How is coronavirus affecting house prices in Westminster and surrounding areas?
The UK property market has enjoyed a mini boom since reopening after the lockdown and the government’s stamp duty cut could result in more people moving home over the next few months.
What’s happening to the property market? Property markets across the UK have now reopened, meaning estate agents are conducting in-person house viewings again and buyers are able to move home once more.
All UK governments have also temporarily cut stamp duty. This means buyers could potentially save up to £15,000 in tax if they move home before April 2021. The cut is designed to reignite the property market in the wake of COVID-19, although there are signs that the wheels were already beginning to turn.
Provisional data from HM Revenue and Customs (HMRC) shows that 70,710 property sales went through in July, up 14.5% on June’s figures but down 27% year-on-year.
How have house prices changed? It’s too early to tell how much impact coronavirus is having on house prices and it’s likely that the figures we see in the coming months will fluctuate significantly.
The most reliable barometer of house prices is the Land Registry’s UK House Price Index. The index was suspended during the lockdown, but last week the Land Registry released delayed figures for May showing a 0.3% month-on-month drop and a 2.9% year-on-year rise in prices.
The Land Registry says that by 21 October it will be back on track with its scheduled reports and by that time we may have a clearer indication of what’s really happened to values. Rightmove’s index (which is based on asking prices rather than sold prices) reported a 0.2% month-on-month drop in August. Nationwide’s index (based on mortgage lending) reported a 2% month-on-month rise in prices, while Halifax (also based on lending) reported a 5.2% increase.
Property market predictions There’s a great deal of optimism around the property market at the moment, with Rightmove hailing ‘the busiest month for 10 years’ in August and Zoopla saying activity is at its strongest level in five years. This might not last, however.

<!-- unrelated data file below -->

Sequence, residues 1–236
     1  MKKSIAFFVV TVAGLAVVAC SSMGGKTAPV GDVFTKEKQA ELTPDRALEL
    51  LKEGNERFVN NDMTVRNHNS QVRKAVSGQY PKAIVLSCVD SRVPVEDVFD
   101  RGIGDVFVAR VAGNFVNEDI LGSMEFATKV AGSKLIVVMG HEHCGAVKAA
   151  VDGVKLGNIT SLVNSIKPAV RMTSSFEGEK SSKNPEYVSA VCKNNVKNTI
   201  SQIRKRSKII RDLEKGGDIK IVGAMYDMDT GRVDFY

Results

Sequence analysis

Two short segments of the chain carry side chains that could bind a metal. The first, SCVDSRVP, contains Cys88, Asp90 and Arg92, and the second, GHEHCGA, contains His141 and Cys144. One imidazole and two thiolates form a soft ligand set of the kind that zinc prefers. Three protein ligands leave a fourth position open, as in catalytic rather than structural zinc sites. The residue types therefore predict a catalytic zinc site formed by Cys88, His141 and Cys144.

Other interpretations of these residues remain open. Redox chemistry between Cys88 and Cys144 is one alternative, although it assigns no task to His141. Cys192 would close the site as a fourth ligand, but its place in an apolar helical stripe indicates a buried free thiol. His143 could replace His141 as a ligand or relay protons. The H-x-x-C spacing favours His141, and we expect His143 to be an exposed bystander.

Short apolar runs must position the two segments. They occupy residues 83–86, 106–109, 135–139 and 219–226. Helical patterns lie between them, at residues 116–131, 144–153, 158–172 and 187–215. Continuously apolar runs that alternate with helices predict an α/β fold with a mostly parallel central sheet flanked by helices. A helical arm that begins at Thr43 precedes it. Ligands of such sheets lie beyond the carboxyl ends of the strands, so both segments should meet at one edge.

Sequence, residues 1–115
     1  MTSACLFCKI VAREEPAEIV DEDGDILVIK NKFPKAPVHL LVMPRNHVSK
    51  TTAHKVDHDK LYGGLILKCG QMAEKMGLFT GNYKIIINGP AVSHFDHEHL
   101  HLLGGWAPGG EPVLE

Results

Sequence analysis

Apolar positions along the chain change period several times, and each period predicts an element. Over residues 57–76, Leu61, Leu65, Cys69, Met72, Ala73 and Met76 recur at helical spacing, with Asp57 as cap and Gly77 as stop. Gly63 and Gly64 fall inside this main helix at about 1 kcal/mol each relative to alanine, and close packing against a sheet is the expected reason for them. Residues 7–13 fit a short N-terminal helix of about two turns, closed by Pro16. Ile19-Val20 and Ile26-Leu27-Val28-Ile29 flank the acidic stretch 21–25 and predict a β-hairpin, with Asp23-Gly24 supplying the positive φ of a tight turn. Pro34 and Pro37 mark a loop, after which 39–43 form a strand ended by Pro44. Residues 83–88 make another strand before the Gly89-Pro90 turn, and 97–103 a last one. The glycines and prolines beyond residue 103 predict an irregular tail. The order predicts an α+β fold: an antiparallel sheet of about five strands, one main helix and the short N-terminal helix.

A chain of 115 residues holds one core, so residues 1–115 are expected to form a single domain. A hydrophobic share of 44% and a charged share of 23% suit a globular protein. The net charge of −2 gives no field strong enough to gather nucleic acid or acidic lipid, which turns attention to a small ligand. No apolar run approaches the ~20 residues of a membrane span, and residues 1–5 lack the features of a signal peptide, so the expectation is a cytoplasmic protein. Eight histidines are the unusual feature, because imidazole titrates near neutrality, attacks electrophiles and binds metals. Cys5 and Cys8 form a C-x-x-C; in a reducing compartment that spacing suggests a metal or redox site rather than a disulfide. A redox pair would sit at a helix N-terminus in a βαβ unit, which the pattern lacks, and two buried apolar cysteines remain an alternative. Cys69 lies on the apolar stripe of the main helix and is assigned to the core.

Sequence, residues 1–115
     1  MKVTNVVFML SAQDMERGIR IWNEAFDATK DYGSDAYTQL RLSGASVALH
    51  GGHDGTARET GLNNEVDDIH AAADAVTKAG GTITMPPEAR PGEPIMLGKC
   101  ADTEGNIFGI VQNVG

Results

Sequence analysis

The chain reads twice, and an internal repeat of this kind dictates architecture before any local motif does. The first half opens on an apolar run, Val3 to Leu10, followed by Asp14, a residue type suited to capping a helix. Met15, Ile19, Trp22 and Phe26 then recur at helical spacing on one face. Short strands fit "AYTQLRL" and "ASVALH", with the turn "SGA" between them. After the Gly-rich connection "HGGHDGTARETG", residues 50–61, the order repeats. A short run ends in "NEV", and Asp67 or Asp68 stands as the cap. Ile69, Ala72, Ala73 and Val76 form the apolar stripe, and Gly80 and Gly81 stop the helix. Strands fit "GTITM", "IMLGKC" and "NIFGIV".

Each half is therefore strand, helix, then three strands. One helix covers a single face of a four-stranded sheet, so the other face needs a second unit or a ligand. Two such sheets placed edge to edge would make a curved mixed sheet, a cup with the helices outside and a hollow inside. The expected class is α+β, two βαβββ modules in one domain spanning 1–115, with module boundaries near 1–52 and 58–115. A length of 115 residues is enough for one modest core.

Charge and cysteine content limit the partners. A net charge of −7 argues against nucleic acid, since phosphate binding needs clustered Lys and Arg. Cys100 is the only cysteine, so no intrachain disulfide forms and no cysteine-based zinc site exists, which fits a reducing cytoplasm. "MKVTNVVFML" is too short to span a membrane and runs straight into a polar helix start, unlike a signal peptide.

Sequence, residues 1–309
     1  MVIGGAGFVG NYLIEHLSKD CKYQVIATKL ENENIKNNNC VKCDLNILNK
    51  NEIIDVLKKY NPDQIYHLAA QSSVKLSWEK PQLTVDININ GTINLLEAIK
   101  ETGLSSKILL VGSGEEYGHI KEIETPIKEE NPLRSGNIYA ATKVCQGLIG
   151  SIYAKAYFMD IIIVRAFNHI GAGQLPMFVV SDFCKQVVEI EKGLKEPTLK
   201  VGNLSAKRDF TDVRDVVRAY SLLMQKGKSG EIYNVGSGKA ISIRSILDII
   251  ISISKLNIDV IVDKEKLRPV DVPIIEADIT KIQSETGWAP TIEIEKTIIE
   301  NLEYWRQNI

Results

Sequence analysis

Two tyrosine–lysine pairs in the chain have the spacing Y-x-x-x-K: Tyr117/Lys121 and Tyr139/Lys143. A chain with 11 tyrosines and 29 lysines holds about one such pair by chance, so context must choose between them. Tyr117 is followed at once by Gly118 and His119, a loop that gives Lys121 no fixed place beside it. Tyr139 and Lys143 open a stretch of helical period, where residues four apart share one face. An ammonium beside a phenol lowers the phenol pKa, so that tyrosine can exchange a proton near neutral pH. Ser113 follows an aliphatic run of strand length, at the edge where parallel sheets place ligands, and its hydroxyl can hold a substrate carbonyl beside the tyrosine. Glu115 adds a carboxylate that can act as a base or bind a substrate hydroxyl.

Experts believe the market (and house price growth) could slow down once the government’s coronavirus financial support schemes and the stamp duty cut come to an end.
Halifax says the housing market will eventually feel the effects of the economic downturn, with ‘greater downward pressure on house prices in the medium-term’.
Nationwide says the winding down of government support schemes could ‘dampen housing activity’.
Rightmove says the market is likely to continue performing well in the short-term, but buyers and sellers ‘still need to be mindful of the wider economic concerns’.
Zoopla believes that prices and activity will remain stable until the end of the year. The Centre for Economics and Business Research (CEBR) predicts house prices could fall by 14% in 2021.
Mid-range buyers in more expensive parts of England are likely to be the biggest beneficiaries of the stamp duty cut, with savings of £10,000 on a £400,000 property and £15,000 on a £500,000 property encouraging more moves. In the short term, this could theoretically make house prices rise, especially on properties in sought-after areas within commuting distance of major cities.
But buying a home based on the stamp duty cut could be a dangerous move, as you might pay a premium now and then see the property’s value fall over the next 12 months.